The other key issue is that of people in condemned high rise flats then being moved into a house at ground level with a front garden and then their own ‘space’ generally view these developments as a positive move from where they once lived.
Often, the design of post-war housing blocks is thought to play a big part in the ‘failure’ of these structures. What do think about that?
That is too easy an excuse to be made and is the frequent first response from the councils and housing officials. Many of the high rise flats had nothing wrong with them structurally, the issues were all of social decline and bad management. High rise living in other cities across the world is seen as the norm, but in Glasgow its very much tainted.
I have viewed plans and designs to transform these buildings into office and residential space, adding some thought and design to the existing structures but no-one at a higher level wants to look into this.
In the Glasgow media the death of a high rise is marketed as progress, its time had come: no other alternative. Anything else that ‘saved’ the buildings could look as a form of guilt or failure first time round.
Aesthetically speaking, which architecture are you going to miss most?
The Whitevale And Bluevale Flats (Gallowgate Twins) are the most brutalist of structures, with no exterior terracotta coloured cladding been even attempted to hide their ‘ugliness’. But to me the buildings are spectacular to behold. I can see the flats from my bedroom window and I pass them every day on the school / nursery run with my kids. It’s almost as if they have taunted me for years, as they were the closest and most iconic buildings to me but the hardest to gain access to.
Finally in August 2013, with only 5 residents remaining before the buildings were closed I embarked on one last push to get access and managed to document the buildings internally and interview the last residents. I spent one evening in a flat on the 29th floor filming a time-lapse of the sunset. The flat still had all its items, couch, bed, chair, empty whisky bottle and unopened letters. I made myself comfortable, got my sunset time-lapse and a few other shots and left the building finally content that I had documented all that I needed.
Is there a specific moment, situation or story that has had a personal impact on you?
The buildings and built environment were always the first point of call for me, but it’s easy to photograph a condemned building or part demolished housing scheme. What really matters was the human story behind the buildings and although they were not as easy to capture and document, it was worth the effort to try.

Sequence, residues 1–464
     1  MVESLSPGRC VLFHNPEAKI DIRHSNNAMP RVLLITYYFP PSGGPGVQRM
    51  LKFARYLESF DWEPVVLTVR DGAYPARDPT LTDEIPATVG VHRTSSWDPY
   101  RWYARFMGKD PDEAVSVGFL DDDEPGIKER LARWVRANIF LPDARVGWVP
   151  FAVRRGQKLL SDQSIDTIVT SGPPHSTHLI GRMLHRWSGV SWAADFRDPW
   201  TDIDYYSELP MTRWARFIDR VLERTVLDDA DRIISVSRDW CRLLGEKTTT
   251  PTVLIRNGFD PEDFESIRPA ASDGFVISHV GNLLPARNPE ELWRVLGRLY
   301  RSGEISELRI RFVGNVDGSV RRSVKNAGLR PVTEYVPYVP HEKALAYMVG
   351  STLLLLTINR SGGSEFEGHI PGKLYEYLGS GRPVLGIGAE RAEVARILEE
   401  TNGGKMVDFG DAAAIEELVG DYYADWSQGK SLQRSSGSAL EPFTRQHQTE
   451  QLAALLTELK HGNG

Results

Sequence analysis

In 2008 as I ventured round the empty landscapes of Dalmarnock photographing the empty tenements of Ardenlea St, I failed to see the net curtains indicating signs of life. A woman’s voice calls me from a window, asking me what I am talking pictures of. It takes me a while to pinpoint her location as I’m faced with what I thought was a desolate, empty ruin. This was my first meeting with Margaret Jaconelli.
She has been living in Ardenlea St alone for over 5 years. All the other tenants were rehoused, as the buildings were to be demolished at some point. She held on stubbornly as she was one of the few who purchased her home back in the late 1970s.
Come the announcement of the Commonwealth Games coming to Dalmarnock and the plans to demolish Ardenlea St and much of the rest of the area are top priority. Margaret was offered a ‘market value’ of her 2 bedroom flat of £29,000 and asked to leave. Knowing fine well she could never afford a new property with that settlement she refused and the long battle to evict her began.
It ended in March 2011 when she was served a compulsory purchase order and days later she and her family were evicted at 5am by sheriff officers and over 100 police who cut off and surrounded her home. Margaret continues her fight and has taken her case to the European Court of Human Rights.
You can view the short film documenting her story below.
This summer I then met Jamal, one of the last resident of Red Road Flats and failed asylum seeker who was being threatened with deportation so he refused to leave the flat. He ended up living alone in the block for over 4 months whilst the rest of Red Road was literally demolished around him. He was petrified living in the flat alone, and was frequently targeted by the local young team who would see his solitary light on the 14th floor. It was a tragic unreported story around the demise of the Red Road Flats.
You describe The Glasgow Renaissance as a documentation of the ‘old’, the memories and the disappearing living environments of Glasgow. To what extent is the project also a critique of the large regeneration plan that Glasgow is undergoing?
I am not an architect or an expert of planning and housing so in some ways I underplay any specific critique of the large regeneration plan. Instead I let the people I speak to explain their issues, as it’s their homes, their communities. But on the other hand, I feel that i can make my own comments as i am a resident of Glasgow and the East End, and the changes taking place will have an impact on my own and my children’s lives.
The media in this article are just a small fragment of Chris Leslie’s extensive documentary project The Glasgow Renaissance.